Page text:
If you think about it, chewing up a bed isn’t that dissimilar to a wolf chewing up the coat, skin, and carcass of a dead deer it has just killed.
NOTE – You might also like to read this post looking at why dogs like bones so much.
Some Dogs Chew Their Beds to Cope with Stress
Have you ever felt stressed or anxious and found yourself doodling, tearing up pieces of paper, or picking at your nails?
Distraction is a coping strategy that both humans and dogs use to alleviate uncomfortable feelings.
It could be that the root cause of your pup’s destructive behavior is stress-related.
How to Stop Your Dog from Tearing Up Their Bed When Left Alone
If your dog is showing no signs of stress, then it may be well that they just love chewing things, in which case there are a couple of straightforward things you can do to stop them from tearing up their dog beds.
Firstly, make sure you give them lots of things to chew on. Go to your local pet store and buy some different chew toys and edible chews.
Secondly, invest in a metal-framed canvas dog bed.
They are about as chew-proof as they get, and while a determined dog can still destroy them, it won’t be much fun, and chew toys will be much more attractive.
If you think your dog might be tearing up its bedding due to stress, then you need to figure out what is causing the stress:
- Is the dog being left alone for long periods?
- Does the dog get plenty of exercise?
- Does the dog get playtime with humans or other dogs?
- Is the home environment stable and calm?
- Do they have a safe space, such as a crate or little den, where they can be alone?
- Do you have young children that might be stressing the dog out?
Try to figure out what might be causing the stress and, as much as possible, do what you can to make them feel less stressed.
Even making a den in a quiet corner for them to escape the hustle and bustle of family life can make a big difference.
Also, if you are worried about your dog’s emotional well-being, a trip to the vet or a consultation with a good dog behaviorist could be well worth it.
If you are in financial difficulty and are worried about vet bills, this website has helpful resources for charities to help you pay your bills. (If you don’t live in the US, you can use Google to find similar help in your country).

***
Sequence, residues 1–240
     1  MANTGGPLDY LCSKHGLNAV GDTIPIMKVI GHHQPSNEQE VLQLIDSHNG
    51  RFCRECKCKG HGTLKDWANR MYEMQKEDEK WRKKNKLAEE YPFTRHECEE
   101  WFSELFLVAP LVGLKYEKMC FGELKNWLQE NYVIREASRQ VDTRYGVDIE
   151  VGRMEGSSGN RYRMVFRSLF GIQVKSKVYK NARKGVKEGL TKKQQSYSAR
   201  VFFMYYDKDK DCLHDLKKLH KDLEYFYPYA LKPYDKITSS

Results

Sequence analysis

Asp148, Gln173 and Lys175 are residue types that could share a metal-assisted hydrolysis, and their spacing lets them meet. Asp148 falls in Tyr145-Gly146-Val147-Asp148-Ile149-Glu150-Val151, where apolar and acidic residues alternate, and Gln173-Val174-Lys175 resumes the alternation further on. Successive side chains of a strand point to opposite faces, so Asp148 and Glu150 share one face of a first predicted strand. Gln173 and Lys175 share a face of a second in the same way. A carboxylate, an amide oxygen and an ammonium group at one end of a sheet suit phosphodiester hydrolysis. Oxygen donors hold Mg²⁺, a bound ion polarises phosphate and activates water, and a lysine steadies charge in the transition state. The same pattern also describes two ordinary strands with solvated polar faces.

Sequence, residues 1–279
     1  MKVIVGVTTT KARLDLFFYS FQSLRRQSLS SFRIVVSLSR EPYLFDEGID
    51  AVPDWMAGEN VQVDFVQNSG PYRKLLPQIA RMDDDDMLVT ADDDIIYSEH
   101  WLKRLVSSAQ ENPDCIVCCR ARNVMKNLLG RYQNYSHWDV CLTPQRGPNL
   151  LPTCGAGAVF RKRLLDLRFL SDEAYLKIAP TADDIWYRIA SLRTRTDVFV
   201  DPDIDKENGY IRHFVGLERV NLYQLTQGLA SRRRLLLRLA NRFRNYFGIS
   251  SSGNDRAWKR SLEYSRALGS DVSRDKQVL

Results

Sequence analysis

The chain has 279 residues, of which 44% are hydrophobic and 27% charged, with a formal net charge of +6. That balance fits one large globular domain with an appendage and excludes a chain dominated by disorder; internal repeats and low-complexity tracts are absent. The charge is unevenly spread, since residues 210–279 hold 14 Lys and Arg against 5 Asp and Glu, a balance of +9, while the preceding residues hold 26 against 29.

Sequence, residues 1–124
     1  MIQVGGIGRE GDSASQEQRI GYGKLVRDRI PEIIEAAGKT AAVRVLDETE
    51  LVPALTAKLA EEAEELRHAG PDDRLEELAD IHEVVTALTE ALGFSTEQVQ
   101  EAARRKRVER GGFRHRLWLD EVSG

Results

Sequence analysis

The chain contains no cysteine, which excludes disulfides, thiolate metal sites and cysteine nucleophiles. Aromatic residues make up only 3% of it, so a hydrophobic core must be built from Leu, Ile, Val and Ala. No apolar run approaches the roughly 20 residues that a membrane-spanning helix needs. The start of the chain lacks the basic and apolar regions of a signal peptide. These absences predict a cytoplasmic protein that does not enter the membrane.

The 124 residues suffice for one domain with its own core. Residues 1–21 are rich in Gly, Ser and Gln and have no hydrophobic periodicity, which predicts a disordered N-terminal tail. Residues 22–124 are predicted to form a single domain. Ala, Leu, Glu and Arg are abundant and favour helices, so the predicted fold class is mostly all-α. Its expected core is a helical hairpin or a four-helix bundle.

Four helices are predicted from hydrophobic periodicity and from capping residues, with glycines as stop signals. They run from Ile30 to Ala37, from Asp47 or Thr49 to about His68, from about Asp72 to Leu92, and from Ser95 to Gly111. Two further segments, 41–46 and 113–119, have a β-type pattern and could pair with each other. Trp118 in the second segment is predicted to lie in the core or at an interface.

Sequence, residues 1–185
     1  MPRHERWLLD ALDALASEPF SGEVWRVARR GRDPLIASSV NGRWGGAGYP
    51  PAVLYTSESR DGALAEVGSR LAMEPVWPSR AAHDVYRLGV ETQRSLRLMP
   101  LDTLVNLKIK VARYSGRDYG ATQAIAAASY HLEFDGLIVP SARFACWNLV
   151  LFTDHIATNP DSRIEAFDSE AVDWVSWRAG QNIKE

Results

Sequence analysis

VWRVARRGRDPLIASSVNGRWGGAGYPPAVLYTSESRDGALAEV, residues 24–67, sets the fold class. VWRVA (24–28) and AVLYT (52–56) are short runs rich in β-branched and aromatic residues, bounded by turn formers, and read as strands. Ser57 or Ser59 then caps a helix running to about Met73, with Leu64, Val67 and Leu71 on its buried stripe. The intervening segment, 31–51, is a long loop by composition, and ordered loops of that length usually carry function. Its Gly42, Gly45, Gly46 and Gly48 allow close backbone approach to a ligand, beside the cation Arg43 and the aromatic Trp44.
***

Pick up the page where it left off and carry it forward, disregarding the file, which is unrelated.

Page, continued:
Note – You might also find some helpful information to help with your training in this short but interesting video.
Just click on the video, and it will start to play:
Final Thoughts On Why Dogs Tear Up Their Beds
The most likely reasons your dog tears up its bed are either that they love to chew or they are feeling stressed due to a problem they are struggling to cope with.
Giving them other things to chew, investing in a chew-proof dog bed, and reducing stress levels are all effective methods of stopping them from destroying their beds.
So, we hope this post answers the question – why do dogs tear up their beds and rip them up?
Please comment below if you have any questions about your dog destroying their bed.
One of our team will approve the comment and reply within 48 hours.
Tim is a proud, vetted, and experienced dog foster carer for a charity helping dog owners escape domestic abuse.
He has years of experience training and caring for dogs, both his own and other people’s.
He is an expert in canine behavior and is highly skilled in dealing with all dogs but specializes in the difficult ones that other people may struggle with.
When he isn’t fostering dogs, he is making friends with other people’s pups!